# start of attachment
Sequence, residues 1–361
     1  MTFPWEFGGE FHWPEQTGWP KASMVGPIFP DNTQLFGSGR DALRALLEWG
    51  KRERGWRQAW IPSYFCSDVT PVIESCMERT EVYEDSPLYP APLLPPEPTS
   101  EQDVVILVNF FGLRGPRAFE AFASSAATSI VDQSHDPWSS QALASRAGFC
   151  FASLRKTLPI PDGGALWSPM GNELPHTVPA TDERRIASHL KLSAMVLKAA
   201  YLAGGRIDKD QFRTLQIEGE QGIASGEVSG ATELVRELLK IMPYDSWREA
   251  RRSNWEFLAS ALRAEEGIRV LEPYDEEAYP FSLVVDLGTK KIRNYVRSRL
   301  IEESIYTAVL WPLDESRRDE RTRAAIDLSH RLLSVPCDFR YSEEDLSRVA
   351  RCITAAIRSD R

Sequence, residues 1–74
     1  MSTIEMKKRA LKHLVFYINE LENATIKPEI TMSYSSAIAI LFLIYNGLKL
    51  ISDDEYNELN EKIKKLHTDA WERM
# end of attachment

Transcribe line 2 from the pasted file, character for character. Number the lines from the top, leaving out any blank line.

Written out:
     1  MTFPWEFGGE FHWPEQTGWP KASMVGPIFP DNTQLFGSGR DALRALLEWG